The question remains, what can health care providers do to help patients understand the requirements of following the medications as prescribed? MedsCheck is a program that allows individuals to set up a meeting with their pharmacist in the community or possibly at home, if they are taking three or more prescription medications for ongoing chronic conditions, are diagnosed with diabetes, or are a resident of a long-term care home and can be done once a year9.

Patient education by a hospital pharmacists prior to discharge regarding new medications prescribed post-stroke or TIA, increases the likelihood that the patient will remain adherent to the medication regimen. This can be seen in the vital work by Gilmer, Sweeney & Nakajima (2016) that showed the importance of the pharmacist role in hospital initiative to becoming a stroke centre10.

Additional strategies:

Enabling strategies – Equip the patient to be compliant
·         Counseling on social issues

·         Patient education

Consequence Strategies – reinforcing compliant behaviour
·         Record when pills were taken
Stimulant strategies – Prompt pill taking
·         Taking medications with daily rituals

·         Drug packaging (e.g., blister packs)

Compliance Aids
·         Addressing issues such as one-sided weakness when patient is required to use vials that have screw tops or locking mechanisms
Coleman, D. J. (2005) Medication compliance in the elderly. Journal of Community Nursing. 19(8). 4-6


Medication compliance and adherence is a hallmark to providing patient care while the patient is in an acute care setting as well as the community. It is important that the patient and healthcare provider have a discussion regarding prescribed medications and the need for continuing therapy. This can lead to the prevention of complications from a disease, such as stroke, and improved quality of life.


  1. Rasmuseen, J. N., Chong, A., & Alter. D. A. (2007) Relationship between adherence to evidence-based pharmacotherapy and long-term mortality after acute myocardial infarction. Journal of the American Medical Association. 297. 177-186.
  2. F., Morrison, H., Liepold, H., & Underhill. L. (2011) Drug utilization in Canadian patients with major chronic diseases. American Journal of Pharmacy Benefits. 3(3). e42-50
  3. World Health Organisation. (2003) Adherence to long term therapies: evidence for action.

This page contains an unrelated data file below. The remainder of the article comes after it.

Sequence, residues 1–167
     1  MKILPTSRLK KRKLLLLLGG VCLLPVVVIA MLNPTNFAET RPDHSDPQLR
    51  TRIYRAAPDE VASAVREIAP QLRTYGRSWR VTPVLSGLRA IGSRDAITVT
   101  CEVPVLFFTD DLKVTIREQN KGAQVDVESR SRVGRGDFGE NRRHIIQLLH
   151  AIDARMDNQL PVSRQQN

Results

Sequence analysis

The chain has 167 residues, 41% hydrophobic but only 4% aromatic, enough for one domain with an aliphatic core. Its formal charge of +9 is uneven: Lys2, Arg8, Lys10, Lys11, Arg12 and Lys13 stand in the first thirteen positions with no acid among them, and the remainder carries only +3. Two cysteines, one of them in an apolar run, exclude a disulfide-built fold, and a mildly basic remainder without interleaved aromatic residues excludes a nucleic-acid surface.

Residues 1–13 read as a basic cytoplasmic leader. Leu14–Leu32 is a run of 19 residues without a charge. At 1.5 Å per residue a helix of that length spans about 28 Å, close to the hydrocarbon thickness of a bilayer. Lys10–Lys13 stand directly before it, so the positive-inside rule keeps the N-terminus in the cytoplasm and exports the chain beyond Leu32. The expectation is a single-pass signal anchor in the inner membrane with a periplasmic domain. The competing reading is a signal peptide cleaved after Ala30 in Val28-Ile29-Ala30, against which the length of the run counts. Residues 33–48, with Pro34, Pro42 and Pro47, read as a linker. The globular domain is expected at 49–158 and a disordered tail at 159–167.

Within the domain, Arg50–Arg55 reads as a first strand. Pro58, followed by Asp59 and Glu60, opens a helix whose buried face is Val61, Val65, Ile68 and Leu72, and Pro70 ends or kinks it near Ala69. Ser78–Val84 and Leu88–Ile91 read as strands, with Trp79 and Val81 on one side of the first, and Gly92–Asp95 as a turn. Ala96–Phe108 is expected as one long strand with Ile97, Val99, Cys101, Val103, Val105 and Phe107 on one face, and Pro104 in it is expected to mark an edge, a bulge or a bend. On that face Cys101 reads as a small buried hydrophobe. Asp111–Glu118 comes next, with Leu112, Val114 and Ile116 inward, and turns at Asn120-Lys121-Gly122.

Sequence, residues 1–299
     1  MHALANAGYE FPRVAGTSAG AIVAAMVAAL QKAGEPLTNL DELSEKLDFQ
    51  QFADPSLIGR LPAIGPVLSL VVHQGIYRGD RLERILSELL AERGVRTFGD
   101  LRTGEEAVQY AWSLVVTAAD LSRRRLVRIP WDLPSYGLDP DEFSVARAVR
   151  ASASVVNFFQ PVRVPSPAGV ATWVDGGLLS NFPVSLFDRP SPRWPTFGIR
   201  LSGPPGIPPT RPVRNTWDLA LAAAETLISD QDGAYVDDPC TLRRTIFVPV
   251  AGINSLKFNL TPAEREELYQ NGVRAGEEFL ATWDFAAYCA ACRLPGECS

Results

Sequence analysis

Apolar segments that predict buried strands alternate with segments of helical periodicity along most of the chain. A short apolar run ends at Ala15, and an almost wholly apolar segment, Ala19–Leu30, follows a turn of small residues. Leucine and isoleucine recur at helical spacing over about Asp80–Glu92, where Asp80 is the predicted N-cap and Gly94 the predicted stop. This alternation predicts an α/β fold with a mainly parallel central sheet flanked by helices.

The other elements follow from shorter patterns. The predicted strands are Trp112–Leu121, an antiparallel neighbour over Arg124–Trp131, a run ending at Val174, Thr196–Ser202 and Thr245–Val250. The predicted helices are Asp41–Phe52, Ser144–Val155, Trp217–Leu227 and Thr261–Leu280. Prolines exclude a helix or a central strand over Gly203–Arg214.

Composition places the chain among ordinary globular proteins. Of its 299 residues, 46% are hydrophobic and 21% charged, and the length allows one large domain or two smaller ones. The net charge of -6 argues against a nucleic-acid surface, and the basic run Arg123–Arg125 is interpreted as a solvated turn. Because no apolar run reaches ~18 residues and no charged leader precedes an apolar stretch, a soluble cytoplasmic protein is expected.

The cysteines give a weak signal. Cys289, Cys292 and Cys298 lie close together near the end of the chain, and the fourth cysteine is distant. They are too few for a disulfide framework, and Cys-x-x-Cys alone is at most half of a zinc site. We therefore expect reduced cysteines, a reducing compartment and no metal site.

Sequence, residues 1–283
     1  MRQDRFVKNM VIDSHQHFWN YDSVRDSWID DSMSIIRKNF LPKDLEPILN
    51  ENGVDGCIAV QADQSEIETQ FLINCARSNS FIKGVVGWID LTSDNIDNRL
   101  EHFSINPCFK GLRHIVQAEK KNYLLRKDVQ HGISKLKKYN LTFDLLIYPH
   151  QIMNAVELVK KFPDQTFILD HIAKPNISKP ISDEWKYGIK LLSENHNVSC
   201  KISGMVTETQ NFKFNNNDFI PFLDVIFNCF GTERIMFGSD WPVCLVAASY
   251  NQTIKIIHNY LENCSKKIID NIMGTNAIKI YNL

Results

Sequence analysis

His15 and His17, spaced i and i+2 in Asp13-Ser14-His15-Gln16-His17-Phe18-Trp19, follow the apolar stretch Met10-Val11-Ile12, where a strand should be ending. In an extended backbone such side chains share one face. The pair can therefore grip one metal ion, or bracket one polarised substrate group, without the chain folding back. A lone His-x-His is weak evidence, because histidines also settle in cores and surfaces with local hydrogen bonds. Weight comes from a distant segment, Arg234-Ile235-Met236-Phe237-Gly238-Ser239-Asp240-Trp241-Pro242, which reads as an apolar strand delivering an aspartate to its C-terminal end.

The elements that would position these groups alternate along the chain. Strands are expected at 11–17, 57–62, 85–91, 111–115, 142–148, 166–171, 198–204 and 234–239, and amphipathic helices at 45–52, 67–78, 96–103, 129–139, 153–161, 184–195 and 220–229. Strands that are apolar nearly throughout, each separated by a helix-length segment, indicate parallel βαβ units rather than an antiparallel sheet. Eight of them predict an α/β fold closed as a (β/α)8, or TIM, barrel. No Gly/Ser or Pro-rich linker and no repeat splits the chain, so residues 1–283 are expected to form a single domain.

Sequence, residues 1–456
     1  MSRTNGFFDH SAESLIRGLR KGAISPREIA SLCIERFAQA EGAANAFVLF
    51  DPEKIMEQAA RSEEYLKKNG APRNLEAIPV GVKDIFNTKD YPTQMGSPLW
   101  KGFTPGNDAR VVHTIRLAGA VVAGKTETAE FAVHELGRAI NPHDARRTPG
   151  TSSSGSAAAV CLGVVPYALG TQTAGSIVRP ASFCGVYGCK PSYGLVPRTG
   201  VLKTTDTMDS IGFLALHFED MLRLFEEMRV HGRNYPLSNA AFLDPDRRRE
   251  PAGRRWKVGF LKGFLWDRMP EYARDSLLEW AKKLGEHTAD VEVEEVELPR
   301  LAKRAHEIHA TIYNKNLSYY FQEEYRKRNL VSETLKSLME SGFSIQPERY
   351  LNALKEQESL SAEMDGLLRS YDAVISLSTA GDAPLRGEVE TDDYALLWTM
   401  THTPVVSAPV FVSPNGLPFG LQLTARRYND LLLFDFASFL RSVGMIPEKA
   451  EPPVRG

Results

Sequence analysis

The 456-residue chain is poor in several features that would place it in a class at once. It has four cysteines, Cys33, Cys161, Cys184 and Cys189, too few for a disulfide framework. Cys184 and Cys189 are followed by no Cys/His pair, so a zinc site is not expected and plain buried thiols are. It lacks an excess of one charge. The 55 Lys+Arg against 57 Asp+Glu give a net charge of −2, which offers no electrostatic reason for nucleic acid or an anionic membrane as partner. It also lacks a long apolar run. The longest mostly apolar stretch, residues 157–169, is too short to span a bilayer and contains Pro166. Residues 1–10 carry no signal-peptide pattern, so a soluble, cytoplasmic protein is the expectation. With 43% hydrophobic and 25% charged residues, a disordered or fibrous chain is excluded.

4. Law, M. R., Daw, J. R., Cheng. L., & Morgan. S. G. (2013) Growth in private payments for health care by Canadian households. Health Policy. 110(2-3) 141-146
  5. Hennessy, D., Sanmartin, C., Ronksley, P., Weaver, R., & Campbell, D. (2016) Out-of-pocket spending on drugs and pharmaceutical products and cost-related prescription non-adherence among Canadians with chronic disease. Health Reports. 27(6). 3-8.
  6. Kronish, I. M., Diefenbach, M. A., Edmondson, D. E., Phillips, L. A., & Fei, K. (2013) Key barriers to medication adherence in survivors of strokes and transient ischemic attacks. Journal of General Internal Medicine. 28(5). 675-682.
  7. Sjolander, M., Eriksson, M., & Glader, E. (2013) The association between patients’ beliefs about medicine and adherence to drug treatment after stroke: A cross-sectional questionnaire survey. 3(9). 1-8
  8. De Schryver, E. L., van Gijn, J., Kappelle. L. J., Koudstaal, P. J., Algra. A. (2005) Non-adherence to aspirin or oral anticoagulants in secondary prevention after ischaemic stroke. Journal of Neurology. 252. 1316-1321.
  9. Ontario(2016) Taking your medications safely. Retrieved from
  10. Gilmer, A., Sweeney, L., & Nakajima, S. (2016) Pharmacists’ role in a hospital’s initiatve to become a certified primary stroke center. American Journal of Health-System Pharmacy. 73(s1). S1-S7
Publishing this article in no way serves as an endorsement from NWO Regional Stroke Network. The NWO Regional Stroke Network does not verify the veracity of information in this item and any views expressed are of the author(s) alone and do not necessarily reflect the views of NWO Regional Stroke Network​